Brightsurf Science News & Current Events

November 16, 1999
Jupiter's atmosphere gives clues on how solar system started
A new analysis of data collected by the Galileo spacecraft's suicide plunge into Jupiter's roiling atmosphere has stamped a huge question mark over the prevailing models of how our solar system formed.

Yale research on molecular switches may lead to smaller, cheaper computers
Yale and Rice University scientists have demonstrated molecular devices that act as reversible electronic switches, making it possible to build smaller computers that are less expensive.

Multiple, overlapping addictions common among young adults
Women are more likely than men to become addicted to caffeine and chocolate, whereas men are more likely to get hooked on alcohol, cigarettes, gambling, television and internet use, according to a new study from Washington University in St.

Were the last dinosaurs roasted alive?
The dinosaurs may have perished in a gas-fuelled firestorm, claims a team of American oceanographers.

Monsanto's modified soya beans don't agree with the heat
Researchers in the U.S. have found that Monsanto's herbicide- resistant soya beans are cracking up in the heat.

Laproscopic anti-reflux surgery in the elderly: Is it safe?
A study by researchers at Washington University School of Medicine in St.

Modified foods: UD extension agents grapple with biotech farming issues
Cooperative Extension specialists from the University of Delaware and Delaware State University met last week to discuss the scope of issues surrounding genetically modified foods.

Mystery of the missing atmosphere
Why should Mars have so little atmosphere when Venus and Earth have so much?

Scientists at Princess Margaret Hospital and AMGEN discover the role of T cells in bone destruction
The role of T cells in the crippling bone and cartilage deterioration characteristic of many diseases including arthritis and other inflammatory diseases has been unraveled for the first time by a research team at Princess Margaret Hospital and the AMGEN Research Institute.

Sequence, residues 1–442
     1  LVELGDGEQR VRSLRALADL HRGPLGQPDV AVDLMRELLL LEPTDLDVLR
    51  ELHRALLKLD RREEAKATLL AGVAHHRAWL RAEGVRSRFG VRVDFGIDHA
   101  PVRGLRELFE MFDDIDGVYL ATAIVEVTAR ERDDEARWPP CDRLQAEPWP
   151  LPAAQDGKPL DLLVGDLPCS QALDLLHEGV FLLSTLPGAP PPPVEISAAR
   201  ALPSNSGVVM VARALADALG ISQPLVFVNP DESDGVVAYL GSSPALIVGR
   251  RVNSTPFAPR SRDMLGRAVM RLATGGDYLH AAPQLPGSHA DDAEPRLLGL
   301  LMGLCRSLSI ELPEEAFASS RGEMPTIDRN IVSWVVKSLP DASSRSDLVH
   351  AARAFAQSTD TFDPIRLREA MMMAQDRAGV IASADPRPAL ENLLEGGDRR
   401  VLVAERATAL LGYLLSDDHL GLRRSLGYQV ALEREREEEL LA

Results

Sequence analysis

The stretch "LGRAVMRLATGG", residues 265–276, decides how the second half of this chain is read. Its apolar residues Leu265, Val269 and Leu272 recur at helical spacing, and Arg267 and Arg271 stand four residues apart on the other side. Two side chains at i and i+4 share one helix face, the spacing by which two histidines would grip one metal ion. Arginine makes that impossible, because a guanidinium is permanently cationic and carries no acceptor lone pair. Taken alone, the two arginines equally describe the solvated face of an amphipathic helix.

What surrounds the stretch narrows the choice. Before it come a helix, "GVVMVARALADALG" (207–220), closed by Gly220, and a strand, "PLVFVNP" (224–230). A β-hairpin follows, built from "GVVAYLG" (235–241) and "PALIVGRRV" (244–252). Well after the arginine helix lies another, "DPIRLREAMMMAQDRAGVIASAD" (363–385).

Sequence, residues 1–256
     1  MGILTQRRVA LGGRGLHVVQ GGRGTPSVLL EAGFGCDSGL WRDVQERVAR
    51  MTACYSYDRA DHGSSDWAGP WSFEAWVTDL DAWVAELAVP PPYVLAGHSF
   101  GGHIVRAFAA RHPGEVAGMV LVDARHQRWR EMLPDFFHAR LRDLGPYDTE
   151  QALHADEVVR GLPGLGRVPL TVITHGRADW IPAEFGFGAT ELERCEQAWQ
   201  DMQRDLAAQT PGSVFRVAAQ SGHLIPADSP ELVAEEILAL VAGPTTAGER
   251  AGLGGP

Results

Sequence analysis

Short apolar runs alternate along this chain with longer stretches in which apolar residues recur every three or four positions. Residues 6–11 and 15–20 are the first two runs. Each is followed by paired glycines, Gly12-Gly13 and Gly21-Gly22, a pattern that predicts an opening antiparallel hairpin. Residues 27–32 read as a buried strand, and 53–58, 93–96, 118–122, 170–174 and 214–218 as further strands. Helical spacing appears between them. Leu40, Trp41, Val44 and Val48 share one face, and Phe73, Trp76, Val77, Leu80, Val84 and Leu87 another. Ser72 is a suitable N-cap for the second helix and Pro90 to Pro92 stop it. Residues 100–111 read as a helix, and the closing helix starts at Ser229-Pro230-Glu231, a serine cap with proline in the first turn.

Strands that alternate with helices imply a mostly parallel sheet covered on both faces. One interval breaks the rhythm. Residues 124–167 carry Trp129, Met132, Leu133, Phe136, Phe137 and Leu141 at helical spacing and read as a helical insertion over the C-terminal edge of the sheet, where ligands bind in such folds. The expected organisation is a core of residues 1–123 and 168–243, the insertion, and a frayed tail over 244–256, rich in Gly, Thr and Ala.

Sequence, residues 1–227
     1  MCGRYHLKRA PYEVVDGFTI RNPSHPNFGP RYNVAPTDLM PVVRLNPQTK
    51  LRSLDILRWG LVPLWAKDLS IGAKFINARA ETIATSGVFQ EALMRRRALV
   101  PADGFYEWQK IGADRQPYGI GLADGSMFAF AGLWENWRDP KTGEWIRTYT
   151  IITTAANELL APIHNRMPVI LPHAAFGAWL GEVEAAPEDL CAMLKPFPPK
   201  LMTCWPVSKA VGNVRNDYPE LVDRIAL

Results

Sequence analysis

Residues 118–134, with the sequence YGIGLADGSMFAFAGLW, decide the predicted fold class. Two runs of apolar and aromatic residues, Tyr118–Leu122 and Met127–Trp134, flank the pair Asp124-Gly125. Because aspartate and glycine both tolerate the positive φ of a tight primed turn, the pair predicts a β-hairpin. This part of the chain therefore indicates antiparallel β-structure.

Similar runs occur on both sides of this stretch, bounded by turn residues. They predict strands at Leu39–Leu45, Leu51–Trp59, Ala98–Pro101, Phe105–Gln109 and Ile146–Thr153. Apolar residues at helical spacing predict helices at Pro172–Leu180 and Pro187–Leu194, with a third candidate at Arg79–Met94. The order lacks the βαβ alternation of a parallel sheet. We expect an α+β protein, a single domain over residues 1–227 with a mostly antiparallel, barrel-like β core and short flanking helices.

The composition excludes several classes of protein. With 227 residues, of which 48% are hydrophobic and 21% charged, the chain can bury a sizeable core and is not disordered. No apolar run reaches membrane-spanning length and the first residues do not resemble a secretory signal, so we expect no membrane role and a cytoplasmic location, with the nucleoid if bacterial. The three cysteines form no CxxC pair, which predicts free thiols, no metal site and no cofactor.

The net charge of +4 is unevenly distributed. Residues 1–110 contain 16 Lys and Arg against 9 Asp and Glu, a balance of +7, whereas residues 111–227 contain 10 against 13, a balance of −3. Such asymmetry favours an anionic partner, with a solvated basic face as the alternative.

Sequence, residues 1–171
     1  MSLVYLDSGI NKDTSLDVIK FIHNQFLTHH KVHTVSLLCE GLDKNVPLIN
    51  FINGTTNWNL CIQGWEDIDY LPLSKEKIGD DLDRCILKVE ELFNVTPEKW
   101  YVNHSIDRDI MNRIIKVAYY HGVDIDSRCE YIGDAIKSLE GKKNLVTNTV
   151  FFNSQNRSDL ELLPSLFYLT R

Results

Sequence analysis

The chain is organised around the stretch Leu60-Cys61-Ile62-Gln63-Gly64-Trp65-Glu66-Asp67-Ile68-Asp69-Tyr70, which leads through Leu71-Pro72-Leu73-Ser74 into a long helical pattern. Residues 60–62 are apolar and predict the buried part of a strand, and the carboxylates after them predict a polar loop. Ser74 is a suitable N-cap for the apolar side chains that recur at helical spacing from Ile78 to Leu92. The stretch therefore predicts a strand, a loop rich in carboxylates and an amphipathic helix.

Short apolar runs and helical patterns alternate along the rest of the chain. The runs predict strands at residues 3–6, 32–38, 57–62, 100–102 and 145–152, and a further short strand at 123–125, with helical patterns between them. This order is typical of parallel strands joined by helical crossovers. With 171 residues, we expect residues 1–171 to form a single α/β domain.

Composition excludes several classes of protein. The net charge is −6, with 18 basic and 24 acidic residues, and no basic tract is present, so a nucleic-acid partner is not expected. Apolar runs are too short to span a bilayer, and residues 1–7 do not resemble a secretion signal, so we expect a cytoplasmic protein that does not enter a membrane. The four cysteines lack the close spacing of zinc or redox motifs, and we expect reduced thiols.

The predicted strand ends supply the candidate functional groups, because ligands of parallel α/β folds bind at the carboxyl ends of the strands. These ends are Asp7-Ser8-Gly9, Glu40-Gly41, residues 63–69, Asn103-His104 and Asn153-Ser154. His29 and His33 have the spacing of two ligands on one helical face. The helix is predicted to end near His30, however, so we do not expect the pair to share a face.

VION applies bacteria to create unique TAPET® technology for novel and highly specific gene-based anti-cancer drug delivery
VION PHARMACEUTICALS presents preclinical data on TAPET® (Tumor Amplified Protein Expression Therapy), which uses Salmonella bacteria to colonize and multiply preferentially within the confines of a tumor, thereby inhibiting tumor growth, at The International Conference on Molecular Targets/Cancer Therapeutics in Washington, D.C., November 17- 18 sponsored by AACR/NCI/EORTC.

ENBREL (etanercept) long-term clinical trial data
Data from patients receiving ENBREL (etanercept) for as long as 41 months were presented at the 63rd National Scientific Meeting of the American College of Rheumatology (ACR) today.

Rochester neuroscientist receives $1 million Alzheimer's research award
A University of Rochester neuroscientist who is working on research that may someday help inform healthy people whether they are in the earliest stages of Alzheimer's disease has been awarded $1 million by the Alzheimer's Association to continue his studies.

USGS reports that West Nile virus goes beyond crows
The virus that can cause West Nile encephalitis in humans is not only found in crows, according to scientists at the U.S.

Chemists create the first of a new class of catalysts to handle big molecules
Chemists at Arizona State University have designed and synthesized the first stable example of a

Support for death penalty reaches 15-year low: poll
Support for the death penalty for convicted murderers in North Carolina is at its lowest point since 1984, according to a new University of North Carolina at Chapel Hill statewide poll.

Heart failure treatments are cost-effective; some even save health-care dollars
Judicious use of medications and other therapies is the most cost-effective approach to caring for patients with heart failure -- people whose hearts pump too little blood.

First time use of stent graft helps save trauma victim
A stent graft to repair an abdominal aortic aneurysm was used for the first time ever on a trauma victim by University of Washington physicians at Harborview Medical Center.
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